Telegraph Bidders’ Déjà Vu: Sky News Arabia’s Empty Promises of Editorial Independence

As the takeover of the Telegraph faces UK Government scrutiny, the UAE-backed Redbird IMI has been making assurances of upholding the newspaper's editorial integrity. But Telegraph's potential buyers have made promises about safeguarding editorial independence before, only to have those promises broken. The case of Sky News Arabia, whose coverage of sensitive issues has been heavily influenced by its Emirati owners, highlights a stark contrast between promises and reality.

Redbird IMI's Promises of Editorial Independence

In a recent BBC interview on January 5, 2024, RedBird IMI CEO Jeff Zucker claimed the UAE would be a "passive investor" in the Telegraph despite providing 75% of the funds. Zucker emphasized that the newspaper's journalists would enjoy complete editorial freedom, backed by "incredibly robust legally underpinned editorial protections."

To fortify their editorial protection assurances, RedBird IMI proposed the establishment of an editorial trust board comprising "independent public figures of senior standing" with expertise in media, journalism, compliance, governance, or ethics. This board would purportedly protect the Telegraph's editorial independence, handle disputes, and approve the appointment of an editor. Zucker asserted that, collectively, these measures make the Telegraph's protections of editorial independence unparalleled among UK newspapers.

The Sky News Arabia Parallels

The promises made by RedBird IMI bear a striking resemblance to those made by ADMIC, the parent company of IMI, in the launch of Sky News Arabia.

The Telegraph bidder, Redbird IMI, is a joint venture between US private equity firm Redbird and International Media Investments (IMI). IMI is a subsidiary of Abu Dhabi Media Investment Corporation (ADMIC). ADMIC is owned by Sheikh Mansour bin Zayed al-Nahyan, vice-president of the UAE and a brother of the Emirates' ruler, Sheikh Mohammed bin Zayed al-Nahyan.

In the case of Sky News Arabia, a news channel launched in 2012 with a 50/50 joint venture between ADMIC and British Sky Broadcasting (BskyB), ADMIC vowed to deliver "fair, accurate, consistent, and independent news" reporting. Nart Bouran, head of Sky News Arabia, and Sultan Al Jaber, Chairman of ADMIC and Sky News Arabia, boasted about creating an editorial advisory committee, a unique feature in the region, comprised of independent personalities, to safeguard journalism.

(Bouran and Al Jaber have been involved in the RedBird IMI's bid for the Telegraph. Bouran became IMI CEO in March 2020 and held the position until January 2023. Al Jaber is currently chairman of IMI. He is also the UAE's Minister for Industry and Advanced Technology and head of head of the Abu Dhabi National Oil Company (ADNOC). Al Jaber was the president of COP 28.)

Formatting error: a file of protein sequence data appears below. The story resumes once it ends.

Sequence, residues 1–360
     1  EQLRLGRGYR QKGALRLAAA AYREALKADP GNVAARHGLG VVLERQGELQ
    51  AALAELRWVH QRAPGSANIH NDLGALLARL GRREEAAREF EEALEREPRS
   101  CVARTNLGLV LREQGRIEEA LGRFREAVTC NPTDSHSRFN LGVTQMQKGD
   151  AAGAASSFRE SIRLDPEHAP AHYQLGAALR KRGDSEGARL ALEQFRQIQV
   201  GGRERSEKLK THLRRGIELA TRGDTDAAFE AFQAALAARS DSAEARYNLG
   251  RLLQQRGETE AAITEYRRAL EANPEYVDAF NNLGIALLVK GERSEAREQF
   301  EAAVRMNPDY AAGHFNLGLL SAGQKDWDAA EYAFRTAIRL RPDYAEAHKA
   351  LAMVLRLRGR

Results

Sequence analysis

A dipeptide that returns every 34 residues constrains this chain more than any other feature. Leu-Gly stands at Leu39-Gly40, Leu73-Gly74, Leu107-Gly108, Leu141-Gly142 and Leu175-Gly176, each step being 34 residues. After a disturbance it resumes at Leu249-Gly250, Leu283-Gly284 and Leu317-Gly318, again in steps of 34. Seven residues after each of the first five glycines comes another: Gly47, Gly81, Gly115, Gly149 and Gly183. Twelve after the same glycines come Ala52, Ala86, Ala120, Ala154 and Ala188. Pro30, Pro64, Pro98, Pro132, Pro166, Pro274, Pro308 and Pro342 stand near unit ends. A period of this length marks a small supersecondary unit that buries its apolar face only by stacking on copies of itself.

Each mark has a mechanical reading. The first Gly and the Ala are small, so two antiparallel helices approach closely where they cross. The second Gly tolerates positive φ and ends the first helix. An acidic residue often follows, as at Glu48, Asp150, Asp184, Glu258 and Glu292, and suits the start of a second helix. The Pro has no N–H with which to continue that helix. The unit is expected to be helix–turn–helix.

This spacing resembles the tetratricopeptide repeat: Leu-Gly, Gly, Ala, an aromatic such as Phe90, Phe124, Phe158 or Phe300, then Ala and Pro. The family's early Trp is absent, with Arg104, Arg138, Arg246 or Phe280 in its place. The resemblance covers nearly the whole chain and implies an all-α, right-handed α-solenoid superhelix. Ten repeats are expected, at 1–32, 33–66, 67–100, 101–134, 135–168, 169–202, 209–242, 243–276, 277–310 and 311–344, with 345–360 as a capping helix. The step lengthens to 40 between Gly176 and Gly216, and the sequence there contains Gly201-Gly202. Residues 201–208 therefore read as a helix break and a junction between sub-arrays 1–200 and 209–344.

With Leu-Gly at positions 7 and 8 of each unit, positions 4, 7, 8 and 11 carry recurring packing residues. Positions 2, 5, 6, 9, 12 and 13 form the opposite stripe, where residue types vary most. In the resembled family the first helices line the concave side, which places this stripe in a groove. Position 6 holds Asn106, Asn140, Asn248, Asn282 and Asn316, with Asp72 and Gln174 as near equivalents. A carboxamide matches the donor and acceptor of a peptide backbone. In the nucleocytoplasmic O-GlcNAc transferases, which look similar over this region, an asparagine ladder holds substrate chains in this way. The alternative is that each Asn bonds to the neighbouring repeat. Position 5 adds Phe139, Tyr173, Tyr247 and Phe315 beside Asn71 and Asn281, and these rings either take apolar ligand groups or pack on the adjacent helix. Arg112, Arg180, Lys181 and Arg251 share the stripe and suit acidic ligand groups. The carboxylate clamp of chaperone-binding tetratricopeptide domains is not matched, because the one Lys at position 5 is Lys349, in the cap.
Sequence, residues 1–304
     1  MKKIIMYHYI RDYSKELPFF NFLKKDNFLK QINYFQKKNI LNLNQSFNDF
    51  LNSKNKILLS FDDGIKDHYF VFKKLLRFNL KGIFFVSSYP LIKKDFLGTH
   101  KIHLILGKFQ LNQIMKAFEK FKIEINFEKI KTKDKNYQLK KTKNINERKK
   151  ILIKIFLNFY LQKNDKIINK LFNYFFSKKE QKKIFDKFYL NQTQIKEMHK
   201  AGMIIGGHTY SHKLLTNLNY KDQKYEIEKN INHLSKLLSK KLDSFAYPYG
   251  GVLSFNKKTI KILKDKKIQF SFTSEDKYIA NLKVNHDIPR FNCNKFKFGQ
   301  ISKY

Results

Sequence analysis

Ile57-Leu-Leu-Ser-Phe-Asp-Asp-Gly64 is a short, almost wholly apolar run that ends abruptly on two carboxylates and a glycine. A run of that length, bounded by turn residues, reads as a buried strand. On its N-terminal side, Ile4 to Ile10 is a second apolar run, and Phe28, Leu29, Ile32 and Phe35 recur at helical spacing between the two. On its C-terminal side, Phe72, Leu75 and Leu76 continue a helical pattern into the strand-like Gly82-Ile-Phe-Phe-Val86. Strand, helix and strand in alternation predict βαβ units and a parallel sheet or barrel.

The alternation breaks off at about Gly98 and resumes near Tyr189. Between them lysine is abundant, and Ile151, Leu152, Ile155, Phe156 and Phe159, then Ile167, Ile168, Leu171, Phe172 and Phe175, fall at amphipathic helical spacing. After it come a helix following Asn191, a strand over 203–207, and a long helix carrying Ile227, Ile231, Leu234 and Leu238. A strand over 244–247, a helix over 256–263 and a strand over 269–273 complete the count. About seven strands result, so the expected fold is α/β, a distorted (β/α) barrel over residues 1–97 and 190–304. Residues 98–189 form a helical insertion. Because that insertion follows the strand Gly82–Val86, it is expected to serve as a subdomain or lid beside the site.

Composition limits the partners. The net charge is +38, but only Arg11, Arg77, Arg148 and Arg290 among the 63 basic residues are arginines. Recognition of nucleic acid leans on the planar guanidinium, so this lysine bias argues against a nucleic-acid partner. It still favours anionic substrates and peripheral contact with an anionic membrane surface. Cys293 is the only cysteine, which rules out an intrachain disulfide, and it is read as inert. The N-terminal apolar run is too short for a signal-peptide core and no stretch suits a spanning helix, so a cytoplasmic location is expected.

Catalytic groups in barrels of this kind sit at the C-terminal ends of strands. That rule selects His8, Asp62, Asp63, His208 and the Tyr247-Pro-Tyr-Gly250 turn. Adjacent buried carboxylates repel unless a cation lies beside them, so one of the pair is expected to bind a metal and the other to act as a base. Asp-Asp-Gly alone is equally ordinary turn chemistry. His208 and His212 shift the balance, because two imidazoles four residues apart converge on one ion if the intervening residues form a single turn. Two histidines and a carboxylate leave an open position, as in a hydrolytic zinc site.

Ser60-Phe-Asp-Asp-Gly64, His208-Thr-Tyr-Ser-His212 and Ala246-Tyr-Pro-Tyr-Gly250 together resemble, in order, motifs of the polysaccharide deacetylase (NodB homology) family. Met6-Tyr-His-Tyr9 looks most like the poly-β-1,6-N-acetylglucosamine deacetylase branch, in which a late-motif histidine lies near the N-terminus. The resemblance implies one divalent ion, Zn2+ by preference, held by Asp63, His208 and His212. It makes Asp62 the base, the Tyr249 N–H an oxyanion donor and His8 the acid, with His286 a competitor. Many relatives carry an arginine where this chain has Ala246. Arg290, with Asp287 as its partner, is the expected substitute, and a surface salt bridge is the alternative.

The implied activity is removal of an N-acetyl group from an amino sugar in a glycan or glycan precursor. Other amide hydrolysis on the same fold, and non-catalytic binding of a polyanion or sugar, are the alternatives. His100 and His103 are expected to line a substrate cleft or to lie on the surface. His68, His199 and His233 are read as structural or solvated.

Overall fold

Deja Vu from Sky News Arabia

On May 6, 2012, Sky News Arabia started broadcasting to over 50 million homes across the Middle East and North Africa. Promising objective and impartial news delivery, Sultan Al Jaber said in his launch speech: "Our market research uncovered a strong appetite from Arab audiences for a high calibre, independent news channel / …/. I am confident Sky News Arabia will become an icon for objective news reporting," Sky News Arabia, Al Jaber explained, is supported by an editorial advisory committee, a first for the region, to ensure the channel delivers balanced, accurate, and consistent news.

"Sky News Arabia will offer the [Middle East and North Africa] region a fresh approach to television news with an independent editorial mandate at the heart of everything we do,"  said Nart Bouran at the channel's launch. "With a focus on truly independent reporting, it gives opposing points of views the same amount of on-air time and even appointed an editorial advisory committee "to ensure that the channel remains unbiased and balanced."      

"We do have something new that we've started at the channel that nobody else has, which is an independent editorial advisory committee of very well-known personalities, respectable personalities from the Middle East and Europe," Bouran said in June 2012. "These guys are our board of trustees. They are there to make sure that we maintain our editorial balance and the editorial standards that we set for ourselves as a company from day one."

In March 2013, Sky News Arabia was launched in the UK and became available on the Sky platform.

A Case Study in Editorial Compromise

However, these promises were not kept. Despite ADMIC's initial promises of "independent," "impartial," and "accurate" reporting, Sky News Arabia's coverage of sensitive issues suggests its UAE owners are using their media assets to advance their own political agenda.

For instance, Sky News Arabia's coverage of the killing of Saudi dissident journalist Jamal Khashoggi in 2018 closely followed the propaganda of the Saudi government, a close ally of Abu Dhabi. A review by the Telegraph indicated a complete lack of critical questioning of the Saudi government's versions of events.

Contrary to its commitment to objective reporting, Sky News Arabia's reporting aligned closely with the Saudi government's narrative, downplaying the severity of the incident and failing to challenge official accounts. The channel did not question the various versions of events offered by Saudi Arabia and hosted interviews discrediting reports of Khashoggi's murder. As evidence of Khashoggi's brutal end mounted, the Sky News Arabia reporting shifted towards applauding the official Saudi Arabia response.

The Abu Dhabi-backed bidders for the Telegraph have a history of making promises about editorial independence that have not been upheld. The glaring parallels with Sky News Arabia raise critical questions about the fate of the Telegraph.